• Physical activity & abilities. As cats grow older, they often develop joint problems like arthritis that make it hard for them to reach their litter boxes, food and water bowls, and beds - especially if they have to jump or climb stairs. Changes in sleep patterns are normal with age, but if your cat suddenly starts sleeping more or deeper than usual, it could be a sign of a problem that requires veterinary attention. Older cats with more energy than usual may be experiencing hyperthyroidism, a condition requiring a vet's care. If your cat starts gaining or losing weight without explanation, it could be a sign of serious health issues like heart disease, kidney disease, or diabetes. Many older cats also experience hearing loss, which your vet should monitor.

Keeping Your Senior Cat Healthy

As a cat owner, you can use your own observations to help your senior cat stay happy and healthy. You can easily monitor any changes as they age by making small adjustments to how you groom, feed, and interact with your cat. 

  • Grooming: Brushing your cat's fur, trimming their claws, and brushing their teeth are great ways to keep older cats clean and healthy, while also checking for changes in their fur, skin, nose, eyes, ears, and claws.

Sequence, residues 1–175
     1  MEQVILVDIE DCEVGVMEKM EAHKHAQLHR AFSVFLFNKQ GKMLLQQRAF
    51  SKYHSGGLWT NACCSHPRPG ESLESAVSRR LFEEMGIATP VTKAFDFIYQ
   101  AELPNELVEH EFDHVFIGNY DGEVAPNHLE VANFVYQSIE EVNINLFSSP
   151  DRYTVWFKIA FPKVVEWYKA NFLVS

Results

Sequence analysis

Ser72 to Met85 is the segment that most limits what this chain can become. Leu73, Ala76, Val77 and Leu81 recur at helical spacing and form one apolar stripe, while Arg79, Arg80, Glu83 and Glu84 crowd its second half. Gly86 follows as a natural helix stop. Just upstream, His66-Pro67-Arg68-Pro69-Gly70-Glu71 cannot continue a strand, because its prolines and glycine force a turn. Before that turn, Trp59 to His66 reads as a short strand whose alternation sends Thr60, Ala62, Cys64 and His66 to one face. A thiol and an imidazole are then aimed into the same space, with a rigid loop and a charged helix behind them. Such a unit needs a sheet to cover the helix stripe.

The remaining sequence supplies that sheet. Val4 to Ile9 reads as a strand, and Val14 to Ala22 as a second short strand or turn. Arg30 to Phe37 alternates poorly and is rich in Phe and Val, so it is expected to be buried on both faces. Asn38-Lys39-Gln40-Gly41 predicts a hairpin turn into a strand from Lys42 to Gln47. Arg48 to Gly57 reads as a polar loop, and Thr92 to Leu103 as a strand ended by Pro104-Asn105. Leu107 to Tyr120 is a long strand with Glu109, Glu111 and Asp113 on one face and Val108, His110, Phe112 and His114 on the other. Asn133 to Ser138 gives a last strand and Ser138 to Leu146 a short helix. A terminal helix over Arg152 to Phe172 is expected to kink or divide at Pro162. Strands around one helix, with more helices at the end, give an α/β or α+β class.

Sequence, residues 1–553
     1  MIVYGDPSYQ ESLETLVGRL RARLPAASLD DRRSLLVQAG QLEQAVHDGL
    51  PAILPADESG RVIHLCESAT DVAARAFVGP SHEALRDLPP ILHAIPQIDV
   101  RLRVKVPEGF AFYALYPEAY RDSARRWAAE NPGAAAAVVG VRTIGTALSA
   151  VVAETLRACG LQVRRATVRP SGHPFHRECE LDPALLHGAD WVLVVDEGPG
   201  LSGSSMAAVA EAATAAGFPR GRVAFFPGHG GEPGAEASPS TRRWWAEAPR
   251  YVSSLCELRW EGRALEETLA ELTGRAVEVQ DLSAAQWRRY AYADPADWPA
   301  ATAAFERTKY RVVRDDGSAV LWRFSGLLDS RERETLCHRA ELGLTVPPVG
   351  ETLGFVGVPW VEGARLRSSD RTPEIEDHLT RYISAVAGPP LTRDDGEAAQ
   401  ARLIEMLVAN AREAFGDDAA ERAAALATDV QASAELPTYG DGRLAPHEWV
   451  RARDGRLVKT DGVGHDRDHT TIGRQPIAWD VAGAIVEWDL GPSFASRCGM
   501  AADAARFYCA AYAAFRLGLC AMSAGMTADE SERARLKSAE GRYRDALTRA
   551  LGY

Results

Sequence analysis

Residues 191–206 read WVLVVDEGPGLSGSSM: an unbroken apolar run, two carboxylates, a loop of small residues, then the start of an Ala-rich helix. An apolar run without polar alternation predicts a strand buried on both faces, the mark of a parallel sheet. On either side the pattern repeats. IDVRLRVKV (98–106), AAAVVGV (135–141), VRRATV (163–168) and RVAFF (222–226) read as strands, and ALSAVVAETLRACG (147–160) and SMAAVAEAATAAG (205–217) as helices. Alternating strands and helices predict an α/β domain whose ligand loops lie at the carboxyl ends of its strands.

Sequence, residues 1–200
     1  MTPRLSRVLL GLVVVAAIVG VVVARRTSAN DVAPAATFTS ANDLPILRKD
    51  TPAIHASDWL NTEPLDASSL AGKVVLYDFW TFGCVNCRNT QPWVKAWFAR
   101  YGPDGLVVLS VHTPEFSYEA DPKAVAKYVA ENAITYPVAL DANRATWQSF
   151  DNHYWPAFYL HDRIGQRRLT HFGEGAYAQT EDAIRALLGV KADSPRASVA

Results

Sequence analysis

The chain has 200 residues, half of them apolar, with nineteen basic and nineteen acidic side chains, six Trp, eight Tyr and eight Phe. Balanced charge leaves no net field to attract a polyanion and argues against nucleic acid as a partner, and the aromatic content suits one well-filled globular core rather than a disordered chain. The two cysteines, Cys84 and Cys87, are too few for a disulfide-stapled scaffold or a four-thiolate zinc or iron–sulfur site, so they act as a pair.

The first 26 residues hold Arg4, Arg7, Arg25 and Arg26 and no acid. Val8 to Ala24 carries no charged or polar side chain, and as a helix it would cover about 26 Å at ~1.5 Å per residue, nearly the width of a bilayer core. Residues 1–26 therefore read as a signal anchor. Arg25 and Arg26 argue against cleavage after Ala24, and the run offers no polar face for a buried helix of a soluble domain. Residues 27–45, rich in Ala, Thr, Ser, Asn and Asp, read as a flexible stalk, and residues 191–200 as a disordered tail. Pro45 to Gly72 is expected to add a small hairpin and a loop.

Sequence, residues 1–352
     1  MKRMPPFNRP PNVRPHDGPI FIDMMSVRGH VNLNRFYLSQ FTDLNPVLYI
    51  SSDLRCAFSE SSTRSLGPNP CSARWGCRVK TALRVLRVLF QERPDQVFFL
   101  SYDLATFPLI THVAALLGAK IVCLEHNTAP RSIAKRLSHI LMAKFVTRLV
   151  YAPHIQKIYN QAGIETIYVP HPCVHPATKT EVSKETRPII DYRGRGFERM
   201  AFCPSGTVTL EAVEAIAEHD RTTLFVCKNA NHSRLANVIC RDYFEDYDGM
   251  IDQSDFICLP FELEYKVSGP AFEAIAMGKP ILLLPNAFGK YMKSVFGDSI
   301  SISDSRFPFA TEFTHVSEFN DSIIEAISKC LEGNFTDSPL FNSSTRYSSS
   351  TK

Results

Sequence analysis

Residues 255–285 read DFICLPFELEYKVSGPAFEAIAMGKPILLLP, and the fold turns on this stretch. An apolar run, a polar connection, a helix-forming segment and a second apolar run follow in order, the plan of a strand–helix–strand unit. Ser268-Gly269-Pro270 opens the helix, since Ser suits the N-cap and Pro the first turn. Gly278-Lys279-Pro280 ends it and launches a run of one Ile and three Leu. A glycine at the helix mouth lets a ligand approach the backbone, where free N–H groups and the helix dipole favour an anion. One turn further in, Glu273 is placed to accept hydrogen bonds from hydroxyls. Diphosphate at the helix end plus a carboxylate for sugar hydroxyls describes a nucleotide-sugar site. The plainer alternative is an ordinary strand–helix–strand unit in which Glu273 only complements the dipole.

• Nutrition: A lot of cats get heavy or even obese as they get older, which can be controlled with diet and activity if the weight gain is non-medical. Other weight issues include elderly cats being underweight, which may be caused by a variety of medical conditions and should be assessed by a veterinarian.
  • Homelife: Older cats can be more sensitive to changes in routine or household, which can lead to stress. Patience and accommodations (extra affection, a favorite toy or blanket, a quiet room for them to stay in) go a long way to helping your senior cat adjust to upsetting changes. Don't forget to keep playing with your cat as they age; mental and physical stimulation is beneficial for their well-being.
  • Vet care: Because cats are adept at hiding illness until it is advanced or severe, it's important to take them regularly to the vet for wellness exams even if they seem perfectly healthy. Your veterinarian will also be able to monitor any conditions that your senior cat may have, and catch any potential or emerging issues early when they're more treatable. their behavior and health.

How Your Vet Can Help

Your observations and knowledge about your cat are valuable for your vet, alongside regular checkups. The vet may suggest more frequent checkups depending on your cat's health. The vet will examine senior cats' weight, skin, fur, organ systems, and behavior. The vet may also run tests to check for common conditions in older cats. By working with your vet and taking care of your cat at home, you can help ensure that your senior cat has a healthier and happier life with your family.  

Note: The advice provided in this post is intended for informational purposes and does not constitute medical advice regarding pets. For an accurate diagnosis of your pet's condition, please make an appointment with your vet. <

Is your senior cat due for a visit to the vet? Contact our Franklin vets to book your kitty an appointment.